£520,000 – almost double the UK average
- Wales is growing faster than any other region or area in the UK, with
growth of more than 15% year-on-year
Meanwhile prices of large, family homes are growing
faster than flats. Prices for detached and semi-detached houses have risen 12%
over the past year, compared to 7% growth for flats, said Halifax.
Is there a greater
demand for rural locations?
With working from home likely to be a more
permanent part of many people’s lives, demand for properties outside cities and
commuter belts has jumped.
House prices in some hotspots have risen at three
times the national rate. These include places like:
- Conwy in North Wales
- North Devon
- Richmondshire in the Yorkshire Dales
Will house prices
crash in 2022?
While we can’t say for sure what the future holds
for the UK housing market, a crash seems very unlikely. This is because there
is still plenty of demand and a short supply of houses, which has driven up
house prices for years. However, there are a few factors that could put a
dampener on the recent spectacular growth, namely the . Record petrol and
energy prices, alongside and mean most households have less disposable
income to spend on buying houses. If demand slows down then the rate of house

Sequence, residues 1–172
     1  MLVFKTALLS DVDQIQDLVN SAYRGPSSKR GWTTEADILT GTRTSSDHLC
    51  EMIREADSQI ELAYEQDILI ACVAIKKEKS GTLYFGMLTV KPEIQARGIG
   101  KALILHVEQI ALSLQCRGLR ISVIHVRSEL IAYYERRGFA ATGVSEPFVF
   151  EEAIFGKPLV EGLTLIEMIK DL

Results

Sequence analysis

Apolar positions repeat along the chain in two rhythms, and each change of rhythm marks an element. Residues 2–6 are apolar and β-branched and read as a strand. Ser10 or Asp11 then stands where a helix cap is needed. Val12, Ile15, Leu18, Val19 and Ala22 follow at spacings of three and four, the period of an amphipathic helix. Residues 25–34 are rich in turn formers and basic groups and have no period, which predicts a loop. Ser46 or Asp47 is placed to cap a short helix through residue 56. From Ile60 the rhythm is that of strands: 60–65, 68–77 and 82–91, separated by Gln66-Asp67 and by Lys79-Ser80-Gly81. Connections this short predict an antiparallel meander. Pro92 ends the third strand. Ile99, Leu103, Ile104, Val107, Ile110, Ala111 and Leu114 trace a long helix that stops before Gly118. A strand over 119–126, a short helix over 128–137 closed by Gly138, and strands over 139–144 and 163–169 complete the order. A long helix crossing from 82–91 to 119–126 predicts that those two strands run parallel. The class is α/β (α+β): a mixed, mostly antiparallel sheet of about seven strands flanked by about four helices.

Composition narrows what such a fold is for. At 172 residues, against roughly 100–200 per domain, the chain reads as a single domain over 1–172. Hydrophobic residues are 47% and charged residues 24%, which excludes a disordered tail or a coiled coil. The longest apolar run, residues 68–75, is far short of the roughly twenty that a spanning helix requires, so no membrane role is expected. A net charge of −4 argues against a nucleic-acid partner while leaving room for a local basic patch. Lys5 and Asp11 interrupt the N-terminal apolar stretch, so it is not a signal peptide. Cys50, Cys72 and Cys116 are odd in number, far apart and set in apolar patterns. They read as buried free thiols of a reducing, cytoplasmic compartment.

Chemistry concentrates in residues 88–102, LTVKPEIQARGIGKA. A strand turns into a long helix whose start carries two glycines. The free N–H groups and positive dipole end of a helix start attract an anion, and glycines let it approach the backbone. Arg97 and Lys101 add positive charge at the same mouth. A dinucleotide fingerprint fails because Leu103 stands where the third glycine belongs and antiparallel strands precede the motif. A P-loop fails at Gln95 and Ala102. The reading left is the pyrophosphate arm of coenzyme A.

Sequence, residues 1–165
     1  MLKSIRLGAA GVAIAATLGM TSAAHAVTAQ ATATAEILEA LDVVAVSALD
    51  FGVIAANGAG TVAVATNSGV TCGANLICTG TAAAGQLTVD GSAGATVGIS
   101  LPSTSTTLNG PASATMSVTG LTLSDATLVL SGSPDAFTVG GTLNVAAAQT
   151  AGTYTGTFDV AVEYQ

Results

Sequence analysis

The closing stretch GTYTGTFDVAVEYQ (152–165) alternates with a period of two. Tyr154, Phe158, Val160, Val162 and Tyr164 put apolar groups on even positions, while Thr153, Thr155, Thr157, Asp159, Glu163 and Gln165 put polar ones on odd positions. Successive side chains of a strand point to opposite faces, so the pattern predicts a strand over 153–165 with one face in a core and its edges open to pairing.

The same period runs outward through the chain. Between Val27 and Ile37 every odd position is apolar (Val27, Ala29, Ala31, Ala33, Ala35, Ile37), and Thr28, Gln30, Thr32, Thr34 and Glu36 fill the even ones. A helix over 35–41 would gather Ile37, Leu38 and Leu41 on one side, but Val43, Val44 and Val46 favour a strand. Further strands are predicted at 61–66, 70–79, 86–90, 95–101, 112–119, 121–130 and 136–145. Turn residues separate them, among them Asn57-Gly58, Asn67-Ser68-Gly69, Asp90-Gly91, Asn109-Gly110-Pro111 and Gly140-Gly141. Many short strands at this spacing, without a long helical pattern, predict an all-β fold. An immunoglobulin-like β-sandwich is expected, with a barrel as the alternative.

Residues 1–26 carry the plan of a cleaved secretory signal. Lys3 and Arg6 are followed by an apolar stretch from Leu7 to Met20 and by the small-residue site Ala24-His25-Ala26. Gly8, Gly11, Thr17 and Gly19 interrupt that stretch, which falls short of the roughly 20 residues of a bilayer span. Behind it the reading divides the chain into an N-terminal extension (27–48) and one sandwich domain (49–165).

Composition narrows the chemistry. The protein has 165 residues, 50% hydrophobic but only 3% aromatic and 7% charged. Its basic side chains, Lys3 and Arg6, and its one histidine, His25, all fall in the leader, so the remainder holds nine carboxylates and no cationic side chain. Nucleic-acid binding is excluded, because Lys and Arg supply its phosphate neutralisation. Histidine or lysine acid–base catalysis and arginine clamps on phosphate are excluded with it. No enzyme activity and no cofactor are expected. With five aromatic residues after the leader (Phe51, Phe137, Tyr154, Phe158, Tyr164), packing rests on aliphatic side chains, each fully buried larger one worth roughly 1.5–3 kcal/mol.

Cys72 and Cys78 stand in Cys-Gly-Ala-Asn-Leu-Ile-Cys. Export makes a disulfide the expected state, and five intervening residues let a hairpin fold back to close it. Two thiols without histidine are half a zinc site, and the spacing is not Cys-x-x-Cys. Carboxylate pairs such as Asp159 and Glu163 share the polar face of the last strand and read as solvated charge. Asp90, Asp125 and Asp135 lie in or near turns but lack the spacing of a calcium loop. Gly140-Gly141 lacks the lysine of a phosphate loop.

price growth could also fall.
So, while a crash seems unlikely, the squeeze on
household finances as a result of the cost-of-living crisis means we could see
a significant slowdown in house price growth as the year goes on.
Given the continued “race for space”, many housing
market predictions remain bullish:
- Hamptons house price forecast predicts a rise of 3.5% each year
between 2022 and 2024
- Lloyds Banking Group expect house prices to maintain their current
strong levels over the next year, but growth to be much flatter through
2022 at around 1%
- Property consultancy Cluttons suggest that in some parts of London,
prices could fall by as much as 10% next year while Foxtons predict growth
of 1 to 3% in the capital
In the the property market is expected to continue
its upward trend. However, high inflation will push interest rates up which
will slow the housing market down by the end of the year and into 2023. Analysis
from Capital Economics predicts that the Bank of England base rate will peak at
about 3% in the second half of 2023, in turn pushing average mortgage rates to
3.6%. While still historically low, that is more than double the 1.6% rate
recorded at the end of 2021. Based on this data, Capital Economics has forecast
house prices to rise throughout 2022, before falling by 5% in 2023.
Russell Galley, managing director of Halifax, said
the prospect of increasing pressure on households’ finances could cause growth
“The headwinds facing the wider economy cannot be
ignored. With interest rates on the rise and inflation further squeezing
household budgets, it remains likely that the rate of house price growth will
slow by the end of this year.”
Times Money Mentor